University of Missouri Extension

DM7110, Reviewed October 1993

Regional Planning in Missouri: The Legal Authorization

Robert J. Bevins
Department of Agricultural Economics
The authorization for Missouri regional planning commissions was established by Missouri law in 1966. The following information specifies the procedure for finding and understanding this law.

Where to look

Most libraries, every courthouse, and probably every attorney will have a copy of Missouri Revised Statutes, usually abbreviated RSMo. This is where you look for copies of the general laws of Missouri. Look for the latest edition of Missouri Missouri Revised Statutes Cumulative Supplement 20??, which records recent changes or additions to the law.

Both books are organized by chapters and both are well indexed. To find Missouri regional planning law, look at Chapter 251, "Community Affairs, Planning and Development." In fact, we urge you to read this law from the statute book at least once. You will be pleasantly surprised at what the layperson can dig out.

Chapter 251 — What will you find?

  1. The conditions under which the governor was authorized to create regional planning commissions:
    A regional planning commission may be created by the governor upon petition in the form of a resolution by the governing body of a local governmental unit and the holding of a public hearing on such petition. If the petition shall be joined in by the governing bodies of all the local units in the proposed region, including the county court of any county, part or all of which is in the proposed region, the governor may dispense with the hearing. Notice of any public hearing shall be given by the governor by mail at least ten days in advance to the clerk of each local unit in the proposed region. If the governor finds that there is a need for a regional planning commission, and if the governing bodies of local units within the proposed region which include over fifty percent of the population as determined by the last decennial census of the United States, shall consent to the formation of such regional planning commission, the governor may create the regional planning commission by order and designate the area and boundaries of the commission's jurisdiction, taking into account the elements of homogeneity based upon, but not limited to, such consideration as topographic and geographic conformations, extent of urban development, the existence of special or acute agricultural, forestry, conservation or other rural problems, uniformity of social or economic interests and values, park and recreational needs, civil defense, or the existence of physical, social and economic problems of a regional character. 251.160 RSMo 1969
  2. Explicit declaration that formation of regional planning commissions does not require a referendum:
    Notwithstanding the provisions of section 64.530, RSMo, the creation of a regional planning commission and a local unit's participation in and adoption of plans prepared by the regional planning commission shall not require a referendum; provided, however, that this provision shall not extend to the adoption of county zoning laws or regulations under sections 64.620 to 64.690, RSMo. 251.160 RSMo 1969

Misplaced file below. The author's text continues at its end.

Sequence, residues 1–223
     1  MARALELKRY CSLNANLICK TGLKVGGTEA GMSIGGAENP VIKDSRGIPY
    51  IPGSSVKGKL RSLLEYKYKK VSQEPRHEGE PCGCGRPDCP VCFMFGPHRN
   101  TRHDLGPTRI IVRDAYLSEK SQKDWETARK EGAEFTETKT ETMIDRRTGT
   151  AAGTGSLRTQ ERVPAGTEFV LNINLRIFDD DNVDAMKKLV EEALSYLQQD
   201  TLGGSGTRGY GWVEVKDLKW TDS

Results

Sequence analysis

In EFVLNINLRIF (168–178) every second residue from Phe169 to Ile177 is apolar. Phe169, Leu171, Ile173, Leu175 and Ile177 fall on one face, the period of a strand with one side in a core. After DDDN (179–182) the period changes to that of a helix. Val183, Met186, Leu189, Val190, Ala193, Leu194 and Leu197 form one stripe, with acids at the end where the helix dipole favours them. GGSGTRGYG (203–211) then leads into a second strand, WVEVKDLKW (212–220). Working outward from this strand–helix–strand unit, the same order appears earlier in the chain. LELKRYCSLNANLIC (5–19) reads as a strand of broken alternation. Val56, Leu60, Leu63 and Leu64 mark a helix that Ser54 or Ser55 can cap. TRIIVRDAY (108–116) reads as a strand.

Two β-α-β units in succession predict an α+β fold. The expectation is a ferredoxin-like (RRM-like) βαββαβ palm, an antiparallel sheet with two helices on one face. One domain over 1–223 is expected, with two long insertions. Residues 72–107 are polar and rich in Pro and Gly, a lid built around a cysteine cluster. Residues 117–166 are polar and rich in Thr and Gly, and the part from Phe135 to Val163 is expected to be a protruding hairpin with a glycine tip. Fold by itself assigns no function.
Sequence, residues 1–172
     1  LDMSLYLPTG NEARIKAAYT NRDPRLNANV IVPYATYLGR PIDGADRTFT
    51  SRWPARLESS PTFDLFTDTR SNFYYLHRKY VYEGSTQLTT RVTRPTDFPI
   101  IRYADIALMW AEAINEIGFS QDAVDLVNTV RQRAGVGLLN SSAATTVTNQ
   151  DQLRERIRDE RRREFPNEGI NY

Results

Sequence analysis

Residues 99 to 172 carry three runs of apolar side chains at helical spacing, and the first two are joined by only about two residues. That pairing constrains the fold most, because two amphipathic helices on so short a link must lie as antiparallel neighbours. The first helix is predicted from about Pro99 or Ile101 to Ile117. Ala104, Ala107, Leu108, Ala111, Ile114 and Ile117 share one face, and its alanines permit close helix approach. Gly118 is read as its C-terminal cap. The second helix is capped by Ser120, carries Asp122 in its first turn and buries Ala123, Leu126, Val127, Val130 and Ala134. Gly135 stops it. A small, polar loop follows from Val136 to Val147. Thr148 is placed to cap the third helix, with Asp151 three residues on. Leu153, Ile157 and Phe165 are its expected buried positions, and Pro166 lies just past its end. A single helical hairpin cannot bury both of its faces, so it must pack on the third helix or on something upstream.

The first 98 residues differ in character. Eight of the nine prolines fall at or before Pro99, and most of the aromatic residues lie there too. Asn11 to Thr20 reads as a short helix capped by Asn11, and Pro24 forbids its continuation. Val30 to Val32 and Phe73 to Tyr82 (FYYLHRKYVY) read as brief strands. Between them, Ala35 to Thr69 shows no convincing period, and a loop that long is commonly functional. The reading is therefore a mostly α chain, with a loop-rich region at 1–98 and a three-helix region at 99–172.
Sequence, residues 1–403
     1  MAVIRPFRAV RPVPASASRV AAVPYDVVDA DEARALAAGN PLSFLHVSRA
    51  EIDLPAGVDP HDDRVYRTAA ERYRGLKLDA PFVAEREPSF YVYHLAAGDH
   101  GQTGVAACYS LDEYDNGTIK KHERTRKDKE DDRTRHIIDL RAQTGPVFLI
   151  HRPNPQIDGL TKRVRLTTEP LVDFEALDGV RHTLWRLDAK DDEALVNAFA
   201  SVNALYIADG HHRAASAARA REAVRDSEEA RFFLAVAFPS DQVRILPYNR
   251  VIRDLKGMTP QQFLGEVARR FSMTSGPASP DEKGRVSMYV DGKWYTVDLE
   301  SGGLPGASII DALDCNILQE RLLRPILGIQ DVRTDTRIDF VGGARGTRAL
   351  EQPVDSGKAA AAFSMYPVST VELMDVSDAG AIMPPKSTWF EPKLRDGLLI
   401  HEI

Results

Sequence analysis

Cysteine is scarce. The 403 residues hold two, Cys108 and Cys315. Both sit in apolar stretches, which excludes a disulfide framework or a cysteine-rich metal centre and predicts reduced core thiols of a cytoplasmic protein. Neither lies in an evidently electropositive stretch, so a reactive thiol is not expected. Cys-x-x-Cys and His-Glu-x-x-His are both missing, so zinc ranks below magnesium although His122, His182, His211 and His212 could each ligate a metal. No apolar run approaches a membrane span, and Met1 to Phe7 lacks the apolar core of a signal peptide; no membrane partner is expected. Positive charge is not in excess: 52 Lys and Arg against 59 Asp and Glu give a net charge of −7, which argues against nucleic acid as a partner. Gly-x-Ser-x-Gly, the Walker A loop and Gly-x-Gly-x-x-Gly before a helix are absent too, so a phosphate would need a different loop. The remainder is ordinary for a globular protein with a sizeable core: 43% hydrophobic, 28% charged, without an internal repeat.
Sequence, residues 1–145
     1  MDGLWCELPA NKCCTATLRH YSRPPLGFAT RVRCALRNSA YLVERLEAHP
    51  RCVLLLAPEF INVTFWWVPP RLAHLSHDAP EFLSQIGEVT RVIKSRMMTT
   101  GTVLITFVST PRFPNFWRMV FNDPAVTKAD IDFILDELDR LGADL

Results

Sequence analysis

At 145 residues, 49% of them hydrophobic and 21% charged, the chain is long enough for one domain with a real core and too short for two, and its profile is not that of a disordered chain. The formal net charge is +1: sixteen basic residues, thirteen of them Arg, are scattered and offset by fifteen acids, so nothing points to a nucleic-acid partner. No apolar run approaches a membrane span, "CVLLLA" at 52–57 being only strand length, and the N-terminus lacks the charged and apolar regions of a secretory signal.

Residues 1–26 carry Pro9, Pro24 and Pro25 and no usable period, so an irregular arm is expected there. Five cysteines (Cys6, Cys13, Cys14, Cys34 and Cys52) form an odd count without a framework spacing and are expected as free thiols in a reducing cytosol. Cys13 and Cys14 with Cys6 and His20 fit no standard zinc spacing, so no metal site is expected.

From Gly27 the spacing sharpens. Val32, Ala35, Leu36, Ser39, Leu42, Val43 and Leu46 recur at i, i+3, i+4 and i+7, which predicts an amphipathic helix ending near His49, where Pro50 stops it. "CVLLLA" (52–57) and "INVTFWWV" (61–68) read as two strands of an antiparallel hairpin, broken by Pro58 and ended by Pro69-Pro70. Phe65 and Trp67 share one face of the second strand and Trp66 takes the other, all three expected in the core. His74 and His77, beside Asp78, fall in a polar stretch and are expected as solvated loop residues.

Missouri now has twenty regional planning commissions. These cover the entire state.
  3. Some suggestions as to what comprehensive planning means:
    Projects covered
    Comprehensive planning, state and regional, shall include, but not be limited to, the planning for the following:
    • Public water systems;
    • Stormwater drainage and flood control systems;
    • Sanitary sewerage systems;
    • Integrated transportation systems;
    • Orderly land-use arrangements for residential, commercial, industrial and public and other purposes;
    • Local, area-wide and state governmental services coordinated with federal governmental services insofar as may be feasible;
    • Solid waste disposal systems or facilities;
    • Educational facilities;
    • Open space, park and recreational areas;
    • Improved standards of community aesthetics and facilities design;
    • General living conditions and environmental health;
    • Community health and hospital needs and related facilities; and
    • The coordination of planning activities for all federal assistance and grant-in-aid programs, which require comprehensive planning as prerequisites for eligibility. 251.180 RSMo 1969
  4. Membership on a regional planning commission and remuneration:
    Regional commissions — membership — terms — qualifications
    • The membership composition of a regional planning commission shall be in accordance with resolutions approved by the governing bodies of the local units in the region representing in the aggregate at least half of the population of the region. For the purposes of this determination, a county shall be as one local unit and the population of such county shall be based upon the inhabitants residing in the unincorporated area of such county as determined by the last decennial census of the United States.
    • Terms of office for regional planning commission members shall be as prescribed in the resolutions of approval; all regional planning commission members shall be electors of the state and reside within the region. 251.250 RSMo 1969

251.250 clearly leaves who shall be a member of the regional planning commission a matter to be decided by the local governing bodies. This authority was in the law and has not been repealed. However, in 1973 the legislature added an inconsistent proviso in 251.038.

Regional planning commission to include certain state senators and representatives — expenses, how paid